in Transforming conflict through social and economic development

In view of the theoretical confusion and associated definitional morass surrounding conflict transformation, it is necessary to preface this book with some conceptual clarification. This will enable an appropriate assessment of conflict transformation through social and economic development, specifically through the impacts of the tools under consideration

in Transforming conflict through social and economic development
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This book has highlighted the vastness and complexity of the conflict transformation field. While the Northern Ireland conflict is one of the most heavily researched conflicts in the world, research focusing on its conflict transformation process, particularly through social and economic development, is not readily available. Specifically, no attempt has

in Transforming conflict through social and economic development
The case of colonial India and Africa

Bayly 02_Tonra 01 21/06/2011 10:17 Page 39 2 Indigenous and colonial origins of comparative economic development: the case of colonial India and Africa C.A. Bayly 1 In recent years the debate about comparative economic development has broadened out to take account of work in other major human sciences, particularly anthropology, sociology, philosophy and history. Development specialists have become increasingly aware of the need to understand the history and ideologies of the societies within which they work in order to encourage better reactions to their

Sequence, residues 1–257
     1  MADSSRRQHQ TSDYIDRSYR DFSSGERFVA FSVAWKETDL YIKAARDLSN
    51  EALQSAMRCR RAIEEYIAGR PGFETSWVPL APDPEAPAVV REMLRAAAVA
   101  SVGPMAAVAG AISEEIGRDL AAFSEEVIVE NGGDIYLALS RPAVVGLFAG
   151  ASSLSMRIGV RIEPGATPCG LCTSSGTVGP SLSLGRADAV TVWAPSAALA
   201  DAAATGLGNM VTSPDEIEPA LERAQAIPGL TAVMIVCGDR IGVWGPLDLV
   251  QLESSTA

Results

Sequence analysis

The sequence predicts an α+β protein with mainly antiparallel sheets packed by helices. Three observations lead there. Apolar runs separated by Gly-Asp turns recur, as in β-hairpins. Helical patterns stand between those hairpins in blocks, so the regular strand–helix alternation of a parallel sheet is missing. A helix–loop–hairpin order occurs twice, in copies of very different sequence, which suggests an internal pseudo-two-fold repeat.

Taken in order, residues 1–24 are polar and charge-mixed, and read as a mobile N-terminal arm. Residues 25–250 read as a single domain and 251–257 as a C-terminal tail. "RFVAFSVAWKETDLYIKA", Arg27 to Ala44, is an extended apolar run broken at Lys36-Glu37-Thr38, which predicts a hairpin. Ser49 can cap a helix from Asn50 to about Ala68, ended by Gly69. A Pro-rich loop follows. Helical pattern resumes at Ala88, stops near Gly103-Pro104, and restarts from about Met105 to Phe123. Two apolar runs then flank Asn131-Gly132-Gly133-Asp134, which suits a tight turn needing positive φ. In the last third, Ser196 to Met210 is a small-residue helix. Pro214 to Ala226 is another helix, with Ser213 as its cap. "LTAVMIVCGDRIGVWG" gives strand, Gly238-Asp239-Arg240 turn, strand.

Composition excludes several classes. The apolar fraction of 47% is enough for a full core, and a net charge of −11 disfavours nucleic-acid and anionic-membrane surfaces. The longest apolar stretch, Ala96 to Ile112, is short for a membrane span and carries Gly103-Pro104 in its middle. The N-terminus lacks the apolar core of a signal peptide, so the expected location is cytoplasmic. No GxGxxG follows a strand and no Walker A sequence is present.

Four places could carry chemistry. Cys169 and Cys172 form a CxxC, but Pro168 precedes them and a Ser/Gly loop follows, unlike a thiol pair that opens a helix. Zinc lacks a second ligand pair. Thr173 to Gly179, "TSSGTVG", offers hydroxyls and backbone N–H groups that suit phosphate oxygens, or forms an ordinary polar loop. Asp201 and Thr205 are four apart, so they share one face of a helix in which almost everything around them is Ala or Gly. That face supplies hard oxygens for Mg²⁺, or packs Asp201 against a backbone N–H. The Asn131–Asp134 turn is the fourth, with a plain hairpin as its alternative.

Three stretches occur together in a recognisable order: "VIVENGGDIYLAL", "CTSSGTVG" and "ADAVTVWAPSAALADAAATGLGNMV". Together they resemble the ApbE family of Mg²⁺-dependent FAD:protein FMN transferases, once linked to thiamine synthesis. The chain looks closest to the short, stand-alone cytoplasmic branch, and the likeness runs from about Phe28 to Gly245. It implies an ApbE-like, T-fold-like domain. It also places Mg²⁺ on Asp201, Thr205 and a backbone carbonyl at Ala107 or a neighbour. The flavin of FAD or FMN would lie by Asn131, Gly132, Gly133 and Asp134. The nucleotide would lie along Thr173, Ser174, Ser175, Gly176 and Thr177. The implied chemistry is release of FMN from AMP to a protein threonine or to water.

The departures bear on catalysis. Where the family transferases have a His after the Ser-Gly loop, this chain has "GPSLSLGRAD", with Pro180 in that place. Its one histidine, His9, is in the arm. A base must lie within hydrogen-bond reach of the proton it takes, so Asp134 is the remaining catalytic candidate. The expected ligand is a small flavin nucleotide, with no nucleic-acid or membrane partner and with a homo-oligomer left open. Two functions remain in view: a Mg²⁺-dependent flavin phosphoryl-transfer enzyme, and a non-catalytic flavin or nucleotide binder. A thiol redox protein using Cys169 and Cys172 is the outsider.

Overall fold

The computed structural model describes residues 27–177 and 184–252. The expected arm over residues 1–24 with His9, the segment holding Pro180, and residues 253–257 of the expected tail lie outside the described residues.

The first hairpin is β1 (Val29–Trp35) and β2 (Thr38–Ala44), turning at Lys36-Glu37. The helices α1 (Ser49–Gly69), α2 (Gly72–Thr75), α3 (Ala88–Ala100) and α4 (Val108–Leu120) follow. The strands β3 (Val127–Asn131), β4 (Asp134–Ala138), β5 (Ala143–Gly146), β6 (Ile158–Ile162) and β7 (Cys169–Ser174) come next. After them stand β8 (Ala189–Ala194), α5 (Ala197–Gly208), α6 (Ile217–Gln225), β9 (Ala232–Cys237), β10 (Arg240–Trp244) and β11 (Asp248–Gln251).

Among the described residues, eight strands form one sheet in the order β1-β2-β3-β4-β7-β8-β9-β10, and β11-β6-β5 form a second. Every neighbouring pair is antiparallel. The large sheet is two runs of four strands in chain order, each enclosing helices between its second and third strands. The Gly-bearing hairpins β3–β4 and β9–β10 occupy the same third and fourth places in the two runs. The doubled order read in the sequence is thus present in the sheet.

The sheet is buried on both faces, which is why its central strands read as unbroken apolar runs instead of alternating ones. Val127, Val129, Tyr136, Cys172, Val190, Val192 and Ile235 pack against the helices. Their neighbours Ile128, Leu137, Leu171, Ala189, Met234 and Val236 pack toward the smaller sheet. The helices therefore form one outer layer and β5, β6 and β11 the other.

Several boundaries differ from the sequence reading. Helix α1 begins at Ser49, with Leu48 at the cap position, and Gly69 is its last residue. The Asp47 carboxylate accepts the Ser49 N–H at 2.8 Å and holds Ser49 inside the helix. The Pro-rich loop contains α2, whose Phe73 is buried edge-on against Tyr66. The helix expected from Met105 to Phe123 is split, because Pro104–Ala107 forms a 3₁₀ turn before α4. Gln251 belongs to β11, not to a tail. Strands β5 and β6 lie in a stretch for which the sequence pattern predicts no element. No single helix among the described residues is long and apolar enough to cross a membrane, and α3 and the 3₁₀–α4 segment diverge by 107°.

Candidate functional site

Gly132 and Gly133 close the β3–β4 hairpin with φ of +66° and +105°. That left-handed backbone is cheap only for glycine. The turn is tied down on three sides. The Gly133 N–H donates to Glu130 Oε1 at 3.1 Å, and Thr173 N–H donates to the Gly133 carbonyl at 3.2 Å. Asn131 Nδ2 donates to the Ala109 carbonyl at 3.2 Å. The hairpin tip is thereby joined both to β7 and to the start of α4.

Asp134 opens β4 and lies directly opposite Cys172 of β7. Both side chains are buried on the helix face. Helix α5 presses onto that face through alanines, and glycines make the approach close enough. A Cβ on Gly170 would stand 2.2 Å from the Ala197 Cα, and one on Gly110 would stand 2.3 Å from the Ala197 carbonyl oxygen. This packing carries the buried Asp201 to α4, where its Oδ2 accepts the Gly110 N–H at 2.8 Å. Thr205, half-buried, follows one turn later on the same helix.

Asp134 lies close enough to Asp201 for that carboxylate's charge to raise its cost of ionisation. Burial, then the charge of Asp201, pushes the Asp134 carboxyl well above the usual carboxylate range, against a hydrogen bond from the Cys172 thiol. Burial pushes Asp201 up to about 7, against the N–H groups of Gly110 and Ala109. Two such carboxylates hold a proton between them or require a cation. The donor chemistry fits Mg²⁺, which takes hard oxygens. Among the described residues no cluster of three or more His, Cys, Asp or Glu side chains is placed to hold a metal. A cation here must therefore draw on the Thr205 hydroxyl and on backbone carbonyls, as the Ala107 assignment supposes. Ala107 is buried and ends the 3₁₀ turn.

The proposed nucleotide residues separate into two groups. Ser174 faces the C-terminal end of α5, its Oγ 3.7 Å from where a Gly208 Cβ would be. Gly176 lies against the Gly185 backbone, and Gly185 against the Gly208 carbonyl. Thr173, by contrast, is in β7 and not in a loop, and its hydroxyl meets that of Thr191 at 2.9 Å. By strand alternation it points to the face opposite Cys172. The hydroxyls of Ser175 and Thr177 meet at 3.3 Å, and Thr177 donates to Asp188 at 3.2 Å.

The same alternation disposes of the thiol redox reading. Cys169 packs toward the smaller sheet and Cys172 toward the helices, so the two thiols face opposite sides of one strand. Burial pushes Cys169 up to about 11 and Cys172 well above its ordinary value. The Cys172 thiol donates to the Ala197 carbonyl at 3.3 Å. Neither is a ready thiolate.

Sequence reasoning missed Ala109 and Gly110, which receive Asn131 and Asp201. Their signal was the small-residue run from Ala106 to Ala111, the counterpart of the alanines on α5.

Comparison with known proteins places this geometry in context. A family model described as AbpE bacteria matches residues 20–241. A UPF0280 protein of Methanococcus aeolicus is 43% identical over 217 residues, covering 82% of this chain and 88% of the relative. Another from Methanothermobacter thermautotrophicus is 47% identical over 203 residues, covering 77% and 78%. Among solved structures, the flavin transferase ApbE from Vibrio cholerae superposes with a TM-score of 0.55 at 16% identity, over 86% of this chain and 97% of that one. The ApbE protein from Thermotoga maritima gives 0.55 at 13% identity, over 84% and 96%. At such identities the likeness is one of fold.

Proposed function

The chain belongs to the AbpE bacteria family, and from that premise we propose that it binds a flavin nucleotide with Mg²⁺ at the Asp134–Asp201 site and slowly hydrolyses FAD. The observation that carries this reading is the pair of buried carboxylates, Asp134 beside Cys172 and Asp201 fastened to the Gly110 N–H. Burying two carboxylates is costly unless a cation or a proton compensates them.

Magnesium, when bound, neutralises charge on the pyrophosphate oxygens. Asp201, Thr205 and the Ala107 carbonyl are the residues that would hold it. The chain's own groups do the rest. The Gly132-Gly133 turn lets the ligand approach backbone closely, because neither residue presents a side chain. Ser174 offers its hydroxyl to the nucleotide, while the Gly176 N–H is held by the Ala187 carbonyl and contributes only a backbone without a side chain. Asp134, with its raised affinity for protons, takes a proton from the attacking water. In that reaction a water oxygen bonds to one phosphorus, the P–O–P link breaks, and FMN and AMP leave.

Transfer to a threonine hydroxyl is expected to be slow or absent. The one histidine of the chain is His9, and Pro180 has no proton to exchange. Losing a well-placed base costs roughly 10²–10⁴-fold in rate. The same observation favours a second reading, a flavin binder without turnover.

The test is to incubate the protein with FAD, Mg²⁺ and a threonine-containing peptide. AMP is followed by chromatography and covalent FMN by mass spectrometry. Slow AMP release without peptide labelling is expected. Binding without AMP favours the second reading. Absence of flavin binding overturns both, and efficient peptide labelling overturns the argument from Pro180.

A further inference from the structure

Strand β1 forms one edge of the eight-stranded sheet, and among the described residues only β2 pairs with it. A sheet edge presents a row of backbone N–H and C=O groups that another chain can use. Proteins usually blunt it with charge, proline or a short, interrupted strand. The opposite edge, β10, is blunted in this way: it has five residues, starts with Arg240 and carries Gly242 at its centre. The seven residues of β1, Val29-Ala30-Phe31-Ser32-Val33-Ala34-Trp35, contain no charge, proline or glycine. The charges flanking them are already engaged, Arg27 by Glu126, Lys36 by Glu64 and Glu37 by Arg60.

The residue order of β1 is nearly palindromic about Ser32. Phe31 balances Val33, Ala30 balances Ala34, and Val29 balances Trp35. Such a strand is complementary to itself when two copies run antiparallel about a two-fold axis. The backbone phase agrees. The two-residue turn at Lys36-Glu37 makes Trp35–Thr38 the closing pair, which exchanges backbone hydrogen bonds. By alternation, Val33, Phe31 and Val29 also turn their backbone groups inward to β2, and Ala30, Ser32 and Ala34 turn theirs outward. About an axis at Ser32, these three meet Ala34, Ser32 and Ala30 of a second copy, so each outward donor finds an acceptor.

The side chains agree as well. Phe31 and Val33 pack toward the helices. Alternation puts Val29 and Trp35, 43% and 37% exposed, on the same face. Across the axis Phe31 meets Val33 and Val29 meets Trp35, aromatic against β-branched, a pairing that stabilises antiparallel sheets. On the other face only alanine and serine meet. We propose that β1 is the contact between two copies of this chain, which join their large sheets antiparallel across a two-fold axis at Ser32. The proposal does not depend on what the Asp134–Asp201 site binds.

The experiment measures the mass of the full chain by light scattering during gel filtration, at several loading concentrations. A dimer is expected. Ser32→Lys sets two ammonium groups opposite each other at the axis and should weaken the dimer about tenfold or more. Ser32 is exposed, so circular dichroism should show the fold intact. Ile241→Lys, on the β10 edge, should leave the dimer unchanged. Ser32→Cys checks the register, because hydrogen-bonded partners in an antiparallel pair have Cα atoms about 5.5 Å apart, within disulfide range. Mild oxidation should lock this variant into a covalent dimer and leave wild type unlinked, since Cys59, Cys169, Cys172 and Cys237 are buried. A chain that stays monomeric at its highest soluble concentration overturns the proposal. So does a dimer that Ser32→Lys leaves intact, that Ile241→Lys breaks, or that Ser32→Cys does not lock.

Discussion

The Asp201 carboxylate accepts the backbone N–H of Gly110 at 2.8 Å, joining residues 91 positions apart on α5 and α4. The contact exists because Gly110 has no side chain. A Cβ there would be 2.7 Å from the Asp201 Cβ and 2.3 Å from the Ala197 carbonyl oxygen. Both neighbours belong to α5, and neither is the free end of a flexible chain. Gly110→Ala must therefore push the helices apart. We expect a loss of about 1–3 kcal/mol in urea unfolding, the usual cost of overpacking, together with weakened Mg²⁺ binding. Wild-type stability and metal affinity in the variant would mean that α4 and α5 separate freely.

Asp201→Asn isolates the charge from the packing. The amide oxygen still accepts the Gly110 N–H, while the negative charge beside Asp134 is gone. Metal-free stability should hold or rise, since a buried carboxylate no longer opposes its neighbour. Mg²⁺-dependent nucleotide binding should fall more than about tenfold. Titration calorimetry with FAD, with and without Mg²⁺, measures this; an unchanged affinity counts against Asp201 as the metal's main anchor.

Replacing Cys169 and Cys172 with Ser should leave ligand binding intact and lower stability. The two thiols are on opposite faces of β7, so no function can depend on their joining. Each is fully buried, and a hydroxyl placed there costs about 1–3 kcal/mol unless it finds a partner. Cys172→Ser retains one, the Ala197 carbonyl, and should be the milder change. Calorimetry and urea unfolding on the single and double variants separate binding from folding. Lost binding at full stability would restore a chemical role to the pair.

in History, historians and development policy

the instability of recent years, and shall consider the possibility of securing international support for this work’. 2 Through a supplemental treaty signed by the two governments on 18 September 1986, the IFI was established and came into existence on 12 December 1986. This was one of the first formal recognitions of the role that social and economic development was to play

in Transforming conflict through social and economic development

, particularly that of the Peace programmes, illustrates how ‘there is still a lack of systematic thinking about how social and economic policy can be used to promote peace and a perceptible weakness in theoretical knowledge about the precise links between economic development, social inclusion and reconciliation’. 2 This is despite practitioners believing that social and economic development has a

in Transforming conflict through social and economic development

was established. I believe that the Fund is one of those factors and that it can share in the credit for what has been achieved … The Fund has … promoted economic development and social advance in disadvantaged areas and contributed to making progress in cross-community reconciliation. The results of this work can be seen in almost every city, town and village in

in Transforming conflict through social and economic development